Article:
Sunday, July 26, 2009

Studyiing the Prophets on Line With Berel Wein

To me, there are certain essentials in life. The love of family means the world to me. A job is critical, not only as a means of sustenance but as a conduit for contributing to society. The third relationship besides that with my family and community is with the written word.

For the past few months, I have been reading the books of the prophets with the Meam Loez rabbinic commentary It is rendered from the original Judaeo Spanish into a flowing and readable English. It is enjoyable enough that I am not restless to return to my secular reading. The books of the Jewish biblical canon were chosen because under divine inspiration, they spoke to the generation they came from to all the generations after. Meam Loez is very helpful in bringing out both aspects of the books of the prophets. In the vast area of Torah studies, I feel most connected to the study of the Prophets. It is a project that will keep me busy for a long time.

My biggest weakness in any studies is that I am very forgetful. It is very discouraging to finish reading a book and realise how much I have forgotten. As I have been working my way through the prophets, I realise that review is essential. When I was little, I would read up on a subject by going to the library and looking it up in a dozen different encyclopedias and books. The repetition with different focuses was useful in painlessly absorbing facts in areas ranging from philately to the Cuban revolution, from frogs frogs and gerbils to endangered languages.

This past experience has been helpful in taking up the study of the Prophets. After improvising my review with different materials around my personal library, I turned to the internet and found the web site of Rabbi Berel Wein, who is trained as both a lawyer and a Rabbi.

I am a person who loves history. I am old enough to see the current events of my youth turn into the history studied by my children. My parents were as aware of this transition as I am and made the events within their lifetimes and that of their parents. I in turn have passed on what I have observed and lived through to my children.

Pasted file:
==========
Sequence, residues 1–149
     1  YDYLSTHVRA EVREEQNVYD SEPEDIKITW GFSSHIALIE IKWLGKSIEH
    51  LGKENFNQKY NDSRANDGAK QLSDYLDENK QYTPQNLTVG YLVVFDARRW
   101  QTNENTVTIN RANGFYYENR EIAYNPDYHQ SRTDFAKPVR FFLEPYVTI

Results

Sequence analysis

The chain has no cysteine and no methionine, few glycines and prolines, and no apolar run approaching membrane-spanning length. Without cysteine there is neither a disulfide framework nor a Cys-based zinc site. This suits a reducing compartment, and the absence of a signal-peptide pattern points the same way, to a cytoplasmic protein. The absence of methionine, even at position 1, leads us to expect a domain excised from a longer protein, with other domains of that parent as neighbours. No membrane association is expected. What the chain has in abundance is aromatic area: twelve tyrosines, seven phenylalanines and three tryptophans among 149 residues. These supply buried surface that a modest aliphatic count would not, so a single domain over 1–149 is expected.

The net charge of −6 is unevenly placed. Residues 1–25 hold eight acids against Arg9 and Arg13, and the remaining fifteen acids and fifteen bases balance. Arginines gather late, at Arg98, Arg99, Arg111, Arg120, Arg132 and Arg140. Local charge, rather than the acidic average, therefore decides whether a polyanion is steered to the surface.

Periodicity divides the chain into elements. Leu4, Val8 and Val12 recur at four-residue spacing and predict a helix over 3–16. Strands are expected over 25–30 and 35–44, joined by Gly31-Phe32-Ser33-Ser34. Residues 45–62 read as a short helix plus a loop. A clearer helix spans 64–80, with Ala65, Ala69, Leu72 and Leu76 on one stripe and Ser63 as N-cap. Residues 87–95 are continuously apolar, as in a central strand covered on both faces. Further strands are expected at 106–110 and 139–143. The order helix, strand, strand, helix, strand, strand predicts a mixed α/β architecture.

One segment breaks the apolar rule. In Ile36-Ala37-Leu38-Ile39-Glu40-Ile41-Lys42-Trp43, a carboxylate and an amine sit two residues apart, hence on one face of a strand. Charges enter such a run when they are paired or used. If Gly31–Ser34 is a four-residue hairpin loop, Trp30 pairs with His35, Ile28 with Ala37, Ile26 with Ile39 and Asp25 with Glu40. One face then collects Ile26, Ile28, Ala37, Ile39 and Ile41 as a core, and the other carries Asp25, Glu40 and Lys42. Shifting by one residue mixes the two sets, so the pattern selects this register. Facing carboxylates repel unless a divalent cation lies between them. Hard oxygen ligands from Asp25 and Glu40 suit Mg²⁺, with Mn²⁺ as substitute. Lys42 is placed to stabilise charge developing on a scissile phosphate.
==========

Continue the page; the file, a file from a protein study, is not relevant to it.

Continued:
Rabbi Wein has the gift of imparting a vividness and clarity to any chapter of Jewish history he teaches. Faced with the danger of forgetting a lot of my studies, I wanted Rabbi Wein to be one of my teachers who would help bring permanence to my studies. His web site has sets of CDs and MP3's Some are moderately priced, some are sets of 30 lectures that can be expensive as a set.

I went to his site and signed up for newsletters and updated before shopping. I was looking for a lecture on the Book of Joshua . I found the lecture I wanted in a set of 9 CDs that went for around $58.00. There was an option to buy each lecture individually as a CD for $10.80 or an MP3 for $4.50. I went through the on line checkout and within less than five minutes had downloaded the MP3.

Rabbi Wein has an engaging style of digressing into current events that shed light on the subject of his lecture and the moral lessons of what he is discussing. There is no disconnect between past and present, or between the actions of an individual and the actions of famous leaders. When you are under Rabbi Wein's spell, the events of thousands of years ago are as vivid as anything on Drudge Report. One of my children who was in the room with me when I was listening to Rabbi Wein also found his style engaging. Instead of sadly struggling to recall fading details of my studies, I was able to have the chronologically distant past transported to the present day in my living room for the price of a round trip subway fare.

I am very pleased that Rabbi Wein has used the flexibility of internet technology to make his life's work available to those of modest means. I admired his site not only for the quality of his life's work that is made available on it but the manner in which it makes merchandise available to the public in a way that passes savings to the consumer and protects intellectual property. Berel Wein and Meam Loez will be keeping me busy for a good while. I am also interested in Rabbi Wein's lecture on Austria's Emperor Franz Josef II, which is a part of his series "Great Non Jews In Jewish History" Sometimes, as a mental exercise, I try to listen to a lecture about a subject in which I have no interest. This is often a way of opening new horizons. I look forward to trying this with some of Rabbi Wein's lectures.

It is a source of serene pleasure to know where to go for answers to academic and personal questions. My personal weakness, which offsets my thirst for knowledge is my forgetfulness. Learning the same thing a dozen different ways is how I cope with this. I thank Rabbi Wein and those who manage his web site for assisting me in working with my intellectual limitations and overcoming them. I hope my readers will visit his site and see what I am talking about.

This article is an unpaid and unsolicited expression of my personal opinion.

No comments: